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Melodic Patterns


How to record the output of Ableton Live’s arpeggiator

Thursday, January 8th, 2009

Ableton Live's MIDI arpeggiatorI enjoy Live’s MIDI arpeggiator effect that you can drop into a midi track. It’s a quick way to come up with a rhythmic melody. But sometimes I want to alter a few notes from the arpeggiated melodic line. This is where this tip comes in handy. It will allow you to capture the output of the arpeggiator into a midi clip so you can edit it to your liking.

Listen to this audio example made with Live’s Arpeggiator and NI Massive:
[audio:arpeggiator.mp3]

Step 1: From the Live Device Browser, open “MIDI Effects”. then open “Arpeggiator” and drag an arpeggiator preset into a new midi channel. Rename this channel to “Arpeggiator” (Ctrl + R for PCs or Cmd + R for macs)

Step 2: From the Plug-in Device Browser, drag a VST/AU plugin of your choosing into the midi channel alongside the MIDI arpeggiator. I prefer Native Instruments’ “Massive” plugin, which has great analog-style waveforms for rich, punchy sound.

Step 3: Arm the arpeggiator track and begin playing notes to feed the MIDI arpeggiator. When you’re ready to record, click one of the record buttons in the Captured Arp session channel to begin recording the output of the arpeggiator. You can use your computer’s keyboard as a midi keyboard (as long as the Computer Midi Keyboard button in the upper right corner  of the application is switched on). When you’re finished playing, click the red play button to stop recording.

Step 4: Create a new midi channel. I’ve named it “Captured Arp”. This channel will be used to record the output of the arpeggiator.  Change the  “Midi From” to “1 – Arpeggiator” (channel 1)

Step 5: Click the record button in a blank clip in the new midi channel as the arpeggiated clip you just recorded is playing. Click again to stop when finished recording.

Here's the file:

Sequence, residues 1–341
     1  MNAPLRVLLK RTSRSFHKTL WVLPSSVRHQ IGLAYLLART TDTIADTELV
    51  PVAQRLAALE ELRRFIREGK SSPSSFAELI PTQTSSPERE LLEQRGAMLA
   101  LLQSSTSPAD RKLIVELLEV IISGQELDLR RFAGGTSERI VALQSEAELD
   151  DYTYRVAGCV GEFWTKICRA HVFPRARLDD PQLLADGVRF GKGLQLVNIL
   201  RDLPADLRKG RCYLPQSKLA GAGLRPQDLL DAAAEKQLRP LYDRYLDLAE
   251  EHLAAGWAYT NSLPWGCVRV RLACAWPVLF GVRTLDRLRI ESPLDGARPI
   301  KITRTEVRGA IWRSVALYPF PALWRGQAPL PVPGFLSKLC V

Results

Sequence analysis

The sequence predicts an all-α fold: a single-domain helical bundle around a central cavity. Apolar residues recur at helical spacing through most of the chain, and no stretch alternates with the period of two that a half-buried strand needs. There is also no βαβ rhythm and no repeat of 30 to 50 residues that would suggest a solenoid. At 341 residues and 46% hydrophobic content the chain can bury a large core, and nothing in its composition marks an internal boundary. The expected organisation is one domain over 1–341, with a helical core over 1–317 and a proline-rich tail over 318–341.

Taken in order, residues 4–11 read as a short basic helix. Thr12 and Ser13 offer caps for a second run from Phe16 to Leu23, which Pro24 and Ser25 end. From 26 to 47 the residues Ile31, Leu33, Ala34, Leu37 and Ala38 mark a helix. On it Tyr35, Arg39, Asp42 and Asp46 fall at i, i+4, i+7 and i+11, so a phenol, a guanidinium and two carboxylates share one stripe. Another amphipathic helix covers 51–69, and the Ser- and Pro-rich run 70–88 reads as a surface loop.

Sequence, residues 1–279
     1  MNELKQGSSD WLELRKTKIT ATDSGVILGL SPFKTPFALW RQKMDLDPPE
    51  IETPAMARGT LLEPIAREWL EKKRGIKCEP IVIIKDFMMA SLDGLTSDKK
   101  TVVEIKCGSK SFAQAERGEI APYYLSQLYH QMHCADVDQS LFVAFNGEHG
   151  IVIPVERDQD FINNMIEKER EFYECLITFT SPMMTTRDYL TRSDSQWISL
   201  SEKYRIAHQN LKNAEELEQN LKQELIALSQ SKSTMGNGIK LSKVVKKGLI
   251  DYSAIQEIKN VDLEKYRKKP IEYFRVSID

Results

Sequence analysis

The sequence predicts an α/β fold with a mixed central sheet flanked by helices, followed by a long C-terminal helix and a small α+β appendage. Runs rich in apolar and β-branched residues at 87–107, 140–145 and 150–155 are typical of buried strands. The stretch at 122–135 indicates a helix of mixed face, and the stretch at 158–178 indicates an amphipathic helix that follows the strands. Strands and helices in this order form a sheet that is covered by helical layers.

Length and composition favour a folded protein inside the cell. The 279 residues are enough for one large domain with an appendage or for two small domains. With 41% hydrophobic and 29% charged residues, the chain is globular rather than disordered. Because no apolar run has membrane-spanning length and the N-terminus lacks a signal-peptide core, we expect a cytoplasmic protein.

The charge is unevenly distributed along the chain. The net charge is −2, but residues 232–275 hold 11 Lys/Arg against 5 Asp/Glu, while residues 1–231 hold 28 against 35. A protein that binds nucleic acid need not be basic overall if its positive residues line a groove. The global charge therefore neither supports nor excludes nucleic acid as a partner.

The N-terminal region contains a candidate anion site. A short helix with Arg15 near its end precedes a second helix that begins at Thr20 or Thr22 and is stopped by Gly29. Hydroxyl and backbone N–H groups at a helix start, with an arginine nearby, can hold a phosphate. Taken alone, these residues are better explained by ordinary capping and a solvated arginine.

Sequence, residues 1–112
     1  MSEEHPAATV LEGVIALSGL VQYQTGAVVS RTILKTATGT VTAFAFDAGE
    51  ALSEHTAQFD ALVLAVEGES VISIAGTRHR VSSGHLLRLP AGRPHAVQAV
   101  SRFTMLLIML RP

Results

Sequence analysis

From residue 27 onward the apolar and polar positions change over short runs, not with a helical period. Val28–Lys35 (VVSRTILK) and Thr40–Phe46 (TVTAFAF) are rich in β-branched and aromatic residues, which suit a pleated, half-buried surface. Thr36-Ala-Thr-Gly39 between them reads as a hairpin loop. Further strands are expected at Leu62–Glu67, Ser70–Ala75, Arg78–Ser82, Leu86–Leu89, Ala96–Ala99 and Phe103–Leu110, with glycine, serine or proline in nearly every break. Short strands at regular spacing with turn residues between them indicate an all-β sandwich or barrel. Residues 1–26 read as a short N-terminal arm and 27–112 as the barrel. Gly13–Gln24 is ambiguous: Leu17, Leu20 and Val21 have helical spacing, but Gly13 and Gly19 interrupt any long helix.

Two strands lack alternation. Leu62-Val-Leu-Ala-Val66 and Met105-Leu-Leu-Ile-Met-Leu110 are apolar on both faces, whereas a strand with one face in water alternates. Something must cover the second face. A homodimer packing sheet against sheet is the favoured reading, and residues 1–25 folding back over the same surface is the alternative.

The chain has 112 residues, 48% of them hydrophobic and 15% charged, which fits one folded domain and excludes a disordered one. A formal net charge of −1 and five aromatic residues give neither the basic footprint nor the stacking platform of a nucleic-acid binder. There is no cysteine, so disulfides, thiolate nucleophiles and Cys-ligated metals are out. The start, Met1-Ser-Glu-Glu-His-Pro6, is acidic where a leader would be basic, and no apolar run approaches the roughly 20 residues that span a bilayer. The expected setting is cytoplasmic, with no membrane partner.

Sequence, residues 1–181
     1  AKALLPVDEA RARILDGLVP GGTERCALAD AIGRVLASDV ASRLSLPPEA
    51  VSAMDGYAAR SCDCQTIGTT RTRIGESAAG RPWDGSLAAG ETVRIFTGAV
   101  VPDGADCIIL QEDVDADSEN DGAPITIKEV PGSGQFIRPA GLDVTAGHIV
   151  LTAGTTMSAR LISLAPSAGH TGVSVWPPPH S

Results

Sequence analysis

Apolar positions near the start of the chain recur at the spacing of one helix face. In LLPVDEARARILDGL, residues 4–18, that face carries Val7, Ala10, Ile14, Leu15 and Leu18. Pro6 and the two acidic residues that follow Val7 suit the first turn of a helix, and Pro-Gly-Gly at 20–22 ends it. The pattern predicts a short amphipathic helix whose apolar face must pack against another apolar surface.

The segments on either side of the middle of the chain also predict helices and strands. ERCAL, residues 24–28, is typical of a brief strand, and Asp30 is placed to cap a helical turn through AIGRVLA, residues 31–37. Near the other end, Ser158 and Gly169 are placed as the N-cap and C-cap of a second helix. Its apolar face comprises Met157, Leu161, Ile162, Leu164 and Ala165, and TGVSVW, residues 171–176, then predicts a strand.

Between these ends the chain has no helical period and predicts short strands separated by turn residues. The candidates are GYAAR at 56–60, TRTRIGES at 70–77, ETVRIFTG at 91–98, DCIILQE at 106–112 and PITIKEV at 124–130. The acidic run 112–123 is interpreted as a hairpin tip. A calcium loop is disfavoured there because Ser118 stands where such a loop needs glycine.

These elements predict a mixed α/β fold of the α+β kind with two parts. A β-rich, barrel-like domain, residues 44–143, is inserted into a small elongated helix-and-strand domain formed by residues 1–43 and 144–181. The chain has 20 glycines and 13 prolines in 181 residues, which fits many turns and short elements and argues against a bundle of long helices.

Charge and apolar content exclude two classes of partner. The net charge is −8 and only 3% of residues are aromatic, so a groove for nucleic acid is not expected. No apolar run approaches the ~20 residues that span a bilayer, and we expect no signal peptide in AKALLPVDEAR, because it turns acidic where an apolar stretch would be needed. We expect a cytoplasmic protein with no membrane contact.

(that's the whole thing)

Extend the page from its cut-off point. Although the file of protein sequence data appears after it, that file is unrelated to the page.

Step 6: Congratulations, you’ve just recorded arpeggiated notes. Now you can double click on the new midi clip to edit the notes. Click the “Fold” button to only see the notes which were played by the arpeggiator. This makes it easier to use the arrow keys to move midi notes around, it will sound good no matter where you move the notes, because it will always move around in whichever scale you were playing


Writing melodies with ease in Ableton Live

Tuesday, February 19th, 2008

F Major and F Minor in the clip view in Live 7

If you aren’t confident enough to record melodies from a MIDI keyboard or even your computer’s keyboard (a nice feature in Live for when you’re on the road with no MIDI controller), I find that the easiest way to write melodies with the pencil tool (Command + B for mac users, Ctrl + B for windows users) is to write in your melodies step by step. If you recall the formulas for major in tones (W = whole step, H = half step) (W W H W W W H) and minor (W H W W H W W), then you can use the Fold feature of Live’s clip view to hide the notes that are not included by one of these formulas. Notice in the first image, we have one octave of notes stacked up on top of each other in two different scales, F major and F minor.

All we need to do is create one of these stacks in a MIDI clip, and then duplicate it once or twice. Just select all the notes, then hold down option (mac) while dragging the notes up one octave. This should create a duplicate of your notes, but transposed up one octave. Do this again for the octave below. Now when you click the “Fold” button located at the top left of the clip view, all notes that are not in the clip are hidden. Note in this second image that at the very left, there is a stack of notes that form the scale of F minor. After that, I randomly double clicked to create new notes all over the grid. I set my synthesizer’s polyphony to 1 so that it can only play one note at a time. So no matter what notes I drew, they were all in key. As long as you have the fold view enabled, you can now draw notes anywhere and it will still sound pretty decent.

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